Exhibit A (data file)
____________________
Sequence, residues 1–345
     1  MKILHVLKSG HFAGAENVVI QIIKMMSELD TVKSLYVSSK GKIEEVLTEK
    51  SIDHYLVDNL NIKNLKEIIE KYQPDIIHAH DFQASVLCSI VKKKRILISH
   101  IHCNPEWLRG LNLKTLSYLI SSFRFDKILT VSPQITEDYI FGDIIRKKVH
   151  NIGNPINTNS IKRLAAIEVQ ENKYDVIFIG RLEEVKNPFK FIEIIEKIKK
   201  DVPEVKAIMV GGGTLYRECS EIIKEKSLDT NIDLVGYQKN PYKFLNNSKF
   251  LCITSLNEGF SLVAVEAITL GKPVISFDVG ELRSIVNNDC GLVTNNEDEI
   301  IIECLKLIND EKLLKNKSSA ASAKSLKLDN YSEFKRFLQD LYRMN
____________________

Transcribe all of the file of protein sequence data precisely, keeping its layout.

Sequence, residues 1–345
     1  MKILHVLKSG HFAGAENVVI QIIKMMSELD TVKSLYVSSK GKIEEVLTEK
    51  SIDHYLVDNL NIKNLKEIIE KYQPDIIHAH DFQASVLCSI VKKKRILISH
   101  IHCNPEWLRG LNLKTLSYLI SSFRFDKILT VSPQITEDYI FGDIIRKKVH
   151  NIGNPINTNS IKRLAAIEVQ ENKYDVIFIG RLEEVKNPFK FIEIIEKIKK
   201  DVPEVKAIMV GGGTLYRECS EIIKEKSLDT NIDLVGYQKN PYKFLNNSKF
   251  LCITSLNEGF SLVAVEAITL GKPVISFDVG ELRSIVNNDC GLVTNNEDEI
   301  IIECLKLIND EKLLKNKSSA ASAKSLKLDN YSEFKRFLQD LYRMN